This season marks the first appearance of the “Black national anthem” in the NFL.
The opening game of the American football season featured the Dallas Cowboys and the Tampa Bay Buccaneers. But before then, the crowd was treated to a slightly different sound.
This began as a hymn honouring the American president who signed the bill that finally ended slavery in the United States. It had a life of its own once its author stopped caring about it.
Are they Playing the National Anthem Before NFL Games
The National Football League (NFL) 2021 season kicked off with a performance of “Lift Every Voice and Sing,” a ballad well recognised today as the US black national anthem.
After a year of racial unrest that permeated virtually every aspect of American life, including major league sports, this song was played.
Since young black males predominate in male professional sports, the NFL announced it would play “Lift Every Voice and Sing” before games this season to express more solidarity with players. The song that has meant so much to so many people will now officially open professional sports games in the United States.
Just how did this Song come to be so Significant to Black Americans, and what was its Origin?
James Weldon Johnson, a civil rights fighter, wrote the poem “Lift Every Voice and Sing” in 1900, and his brother later set it to music.
According to Johnson, a native of Jacksonville, Florida, the song was created when someone in town wanted to hold a party on Lincoln’s birthday.
There were special copies created for the event, and he recalled that “a chorus of 500 coloured school children” had learned and sang the song.
An inspiring hymn that encourages everyone to sing, “Till earth and heaven ring/Ring with the harmonies of Liberty,” the words of which express black Americans’ appreciation for independence while also reflecting their hopes for a better future:
“We’ve crossed a path wet with tears; we’ve walked in the blood of the slaughtered; we’ve emerged from the shadows of the past.
Please, lead us on the right path and never let us stray from it.”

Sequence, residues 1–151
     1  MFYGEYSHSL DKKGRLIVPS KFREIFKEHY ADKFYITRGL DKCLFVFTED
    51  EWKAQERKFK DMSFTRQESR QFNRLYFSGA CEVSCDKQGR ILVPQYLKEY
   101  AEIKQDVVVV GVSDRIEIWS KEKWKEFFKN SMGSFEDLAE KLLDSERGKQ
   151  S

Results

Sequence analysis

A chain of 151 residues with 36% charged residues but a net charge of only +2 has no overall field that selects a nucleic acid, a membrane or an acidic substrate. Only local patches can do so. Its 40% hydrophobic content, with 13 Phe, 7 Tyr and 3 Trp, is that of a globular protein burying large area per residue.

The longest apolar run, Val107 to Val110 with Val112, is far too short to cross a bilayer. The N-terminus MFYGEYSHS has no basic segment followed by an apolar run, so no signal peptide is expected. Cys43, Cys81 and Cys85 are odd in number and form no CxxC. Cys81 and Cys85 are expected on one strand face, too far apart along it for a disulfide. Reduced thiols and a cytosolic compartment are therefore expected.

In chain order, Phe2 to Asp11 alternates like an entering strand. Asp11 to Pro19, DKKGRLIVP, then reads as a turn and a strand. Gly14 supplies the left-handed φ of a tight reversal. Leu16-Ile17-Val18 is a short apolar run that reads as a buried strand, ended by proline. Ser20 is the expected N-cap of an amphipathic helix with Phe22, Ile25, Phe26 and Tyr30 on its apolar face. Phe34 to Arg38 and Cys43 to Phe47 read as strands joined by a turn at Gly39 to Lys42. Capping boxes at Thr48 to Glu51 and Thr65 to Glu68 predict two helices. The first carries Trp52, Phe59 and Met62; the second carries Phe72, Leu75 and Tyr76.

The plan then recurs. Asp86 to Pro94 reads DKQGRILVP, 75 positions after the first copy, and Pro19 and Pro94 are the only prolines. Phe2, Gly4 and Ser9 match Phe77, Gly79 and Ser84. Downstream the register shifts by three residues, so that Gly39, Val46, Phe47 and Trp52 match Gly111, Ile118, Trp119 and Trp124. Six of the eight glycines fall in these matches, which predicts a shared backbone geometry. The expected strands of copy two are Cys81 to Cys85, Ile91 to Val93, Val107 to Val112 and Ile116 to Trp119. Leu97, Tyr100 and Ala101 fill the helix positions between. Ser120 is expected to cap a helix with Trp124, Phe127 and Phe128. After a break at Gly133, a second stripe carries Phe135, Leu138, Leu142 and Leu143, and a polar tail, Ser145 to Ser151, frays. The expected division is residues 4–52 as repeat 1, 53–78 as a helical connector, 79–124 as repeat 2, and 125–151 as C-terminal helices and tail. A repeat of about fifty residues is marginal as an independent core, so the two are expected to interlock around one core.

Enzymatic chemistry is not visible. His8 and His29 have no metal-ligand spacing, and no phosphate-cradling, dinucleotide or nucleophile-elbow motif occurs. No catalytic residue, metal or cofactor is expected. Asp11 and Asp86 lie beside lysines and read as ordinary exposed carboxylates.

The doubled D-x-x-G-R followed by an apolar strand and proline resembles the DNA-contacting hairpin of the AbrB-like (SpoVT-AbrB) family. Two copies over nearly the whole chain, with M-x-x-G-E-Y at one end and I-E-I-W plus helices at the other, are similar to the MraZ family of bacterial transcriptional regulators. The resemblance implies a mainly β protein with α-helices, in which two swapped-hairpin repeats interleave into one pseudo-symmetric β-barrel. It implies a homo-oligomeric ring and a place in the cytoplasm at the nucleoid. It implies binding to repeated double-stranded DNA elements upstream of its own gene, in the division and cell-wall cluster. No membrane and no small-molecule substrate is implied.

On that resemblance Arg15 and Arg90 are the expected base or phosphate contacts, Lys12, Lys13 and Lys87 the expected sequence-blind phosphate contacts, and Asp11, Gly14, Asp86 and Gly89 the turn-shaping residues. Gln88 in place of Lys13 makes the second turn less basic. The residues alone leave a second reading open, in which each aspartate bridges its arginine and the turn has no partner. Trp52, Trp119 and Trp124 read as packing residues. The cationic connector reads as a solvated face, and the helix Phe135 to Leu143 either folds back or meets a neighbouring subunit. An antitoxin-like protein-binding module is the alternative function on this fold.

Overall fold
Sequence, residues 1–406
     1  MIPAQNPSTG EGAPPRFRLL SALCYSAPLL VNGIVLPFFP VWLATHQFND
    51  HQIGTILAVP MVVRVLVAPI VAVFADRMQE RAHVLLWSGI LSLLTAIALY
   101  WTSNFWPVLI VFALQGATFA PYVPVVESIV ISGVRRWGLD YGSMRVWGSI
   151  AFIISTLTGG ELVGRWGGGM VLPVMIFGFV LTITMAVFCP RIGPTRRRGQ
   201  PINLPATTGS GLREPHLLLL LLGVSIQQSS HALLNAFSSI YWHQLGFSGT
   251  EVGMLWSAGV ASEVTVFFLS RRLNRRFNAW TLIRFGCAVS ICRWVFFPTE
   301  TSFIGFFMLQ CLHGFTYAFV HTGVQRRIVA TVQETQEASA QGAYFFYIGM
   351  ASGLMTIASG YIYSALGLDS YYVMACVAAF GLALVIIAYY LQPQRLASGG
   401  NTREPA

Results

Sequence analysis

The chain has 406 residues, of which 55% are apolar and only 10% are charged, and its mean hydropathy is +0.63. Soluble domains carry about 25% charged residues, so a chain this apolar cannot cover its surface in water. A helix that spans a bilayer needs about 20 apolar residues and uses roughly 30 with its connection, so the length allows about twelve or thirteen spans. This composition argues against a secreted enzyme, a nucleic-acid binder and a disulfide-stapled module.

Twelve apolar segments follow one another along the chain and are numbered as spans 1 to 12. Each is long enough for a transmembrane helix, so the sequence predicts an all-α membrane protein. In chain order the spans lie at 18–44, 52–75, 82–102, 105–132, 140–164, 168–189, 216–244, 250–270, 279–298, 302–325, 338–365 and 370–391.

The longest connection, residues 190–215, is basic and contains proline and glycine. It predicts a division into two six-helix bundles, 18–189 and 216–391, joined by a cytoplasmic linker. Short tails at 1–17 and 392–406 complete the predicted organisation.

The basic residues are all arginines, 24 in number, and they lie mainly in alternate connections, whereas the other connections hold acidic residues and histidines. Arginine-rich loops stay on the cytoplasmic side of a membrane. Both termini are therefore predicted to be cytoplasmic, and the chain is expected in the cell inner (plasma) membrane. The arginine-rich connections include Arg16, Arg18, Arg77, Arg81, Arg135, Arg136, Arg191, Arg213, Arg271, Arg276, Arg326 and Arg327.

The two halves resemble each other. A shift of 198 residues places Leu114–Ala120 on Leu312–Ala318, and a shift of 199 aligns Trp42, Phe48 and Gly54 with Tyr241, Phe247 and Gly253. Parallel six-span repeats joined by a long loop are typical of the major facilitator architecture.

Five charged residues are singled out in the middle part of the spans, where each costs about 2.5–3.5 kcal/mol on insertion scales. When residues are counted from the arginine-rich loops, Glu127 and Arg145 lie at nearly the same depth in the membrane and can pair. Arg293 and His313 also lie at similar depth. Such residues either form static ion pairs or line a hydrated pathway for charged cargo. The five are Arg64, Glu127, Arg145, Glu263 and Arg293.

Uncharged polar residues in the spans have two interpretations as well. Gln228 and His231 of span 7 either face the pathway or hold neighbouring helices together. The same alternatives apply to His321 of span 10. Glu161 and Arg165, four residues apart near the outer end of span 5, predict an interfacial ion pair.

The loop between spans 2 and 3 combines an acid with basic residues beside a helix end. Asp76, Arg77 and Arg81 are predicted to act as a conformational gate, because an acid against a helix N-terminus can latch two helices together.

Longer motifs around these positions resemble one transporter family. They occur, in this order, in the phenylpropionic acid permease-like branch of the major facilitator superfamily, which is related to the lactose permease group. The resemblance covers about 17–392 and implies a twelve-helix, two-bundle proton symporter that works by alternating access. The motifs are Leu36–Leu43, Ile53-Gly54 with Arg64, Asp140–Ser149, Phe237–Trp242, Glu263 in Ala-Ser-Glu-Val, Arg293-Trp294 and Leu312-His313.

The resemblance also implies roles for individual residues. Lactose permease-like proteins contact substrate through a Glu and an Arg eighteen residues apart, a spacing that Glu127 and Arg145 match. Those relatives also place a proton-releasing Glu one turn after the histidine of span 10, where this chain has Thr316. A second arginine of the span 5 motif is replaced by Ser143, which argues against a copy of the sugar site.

Johnson ultimately settled in New York City, where he gained prominence as a leader of the Harlem Renaissance. The government of President Teddy Roosevelt eventually elevated him to the position of diplomat.
In retrospect, he now claims that “the song passed out of our brains” after he relocated to the northern climes. But the students of Jacksonville continued to sing it; they took it with them to other schools where they sung it; and when they grew up, they learned it from their teachers and passed it on to the next generation.
The NAACP, the country’s preeminent civil rights organisation, selected it as its national hymn in 1919.
Why is this Music being Played during NFL Games?
Last year, the NFL received a lot of backlash for what was viewed as the league’s insufficient commitment to its players.
Before the racial justice protests that roiled the country, former NFL quarterback Colin Kaepernick was among the first professional American sports figures to try to utilise their popularity on the field to raise attention to the issue, but many thought he was punished for his activism.
After the death of George Floyd, a black man who died in police custody, the issues of racial justice and police misconduct were brought into the spotlight, and sports leagues issued public signals of support for the campaign.
It was revealed during the summer that the NFL would play the song at games this season, and the NBA has since embraced the Black Lives Matter campaign.
To “emphasise messages that are essential to the league, players and personnel, and our communities,” NFL spokesman Brian McCarthy told The New York Times, “Lift every voice” should be played at NFL games.
Also, the NFL has started a 10-year, $250 million investment project to fund organisations working to improve police-community relations and criminal justice.
How have people reacted to this?
Some NFL supporters have voiced doubts about the league’s ability to motivate meaningful change in the area of social justice, claiming that the NFL is merely making a symbolic gesture.
Others on social media have criticised the league for politicising the sport by claiming they will not be attending games because they feel it is unnecessary to play a different anthem.
Though it has fallen out of favour in the NFL, “We Are the World” is still widely loved by black Americans and will likely remain a staple of black American culture.
In fact, Alicia Keys, a popular American singer, sang it at last year’s Super Bowl. The song is still sung at several HBCUs, including Howard University, before important events and games. The American public as a whole can now hear it.